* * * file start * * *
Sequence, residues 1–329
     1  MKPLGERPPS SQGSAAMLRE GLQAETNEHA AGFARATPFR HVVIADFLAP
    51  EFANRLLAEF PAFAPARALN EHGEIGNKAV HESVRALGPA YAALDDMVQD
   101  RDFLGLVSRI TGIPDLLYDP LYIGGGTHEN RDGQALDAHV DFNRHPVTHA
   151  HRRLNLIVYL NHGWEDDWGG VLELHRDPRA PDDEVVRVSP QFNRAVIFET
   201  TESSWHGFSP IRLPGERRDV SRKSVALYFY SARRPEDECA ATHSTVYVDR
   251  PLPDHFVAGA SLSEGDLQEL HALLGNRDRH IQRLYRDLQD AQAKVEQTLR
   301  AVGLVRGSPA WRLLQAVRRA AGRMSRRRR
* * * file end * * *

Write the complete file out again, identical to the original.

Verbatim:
Sequence, residues 1–329
     1  MKPLGERPPS SQGSAAMLRE GLQAETNEHA AGFARATPFR HVVIADFLAP
    51  EFANRLLAEF PAFAPARALN EHGEIGNKAV HESVRALGPA YAALDDMVQD
   101  RDFLGLVSRI TGIPDLLYDP LYIGGGTHEN RDGQALDAHV DFNRHPVTHA
   151  HRRLNLIVYL NHGWEDDWGG VLELHRDPRA PDDEVVRVSP QFNRAVIFET
   201  TESSWHGFSP IRLPGERRDV SRKSVALYFY SARRPEDECA ATHSTVYVDR
   251  PLPDHFVAGA SLSEGDLQEL HALLGNRDRH IQRLYRDLQD AQAKVEQTLR
   301  AVGLVRGSPA WRLLQAVRRA AGRMSRRRR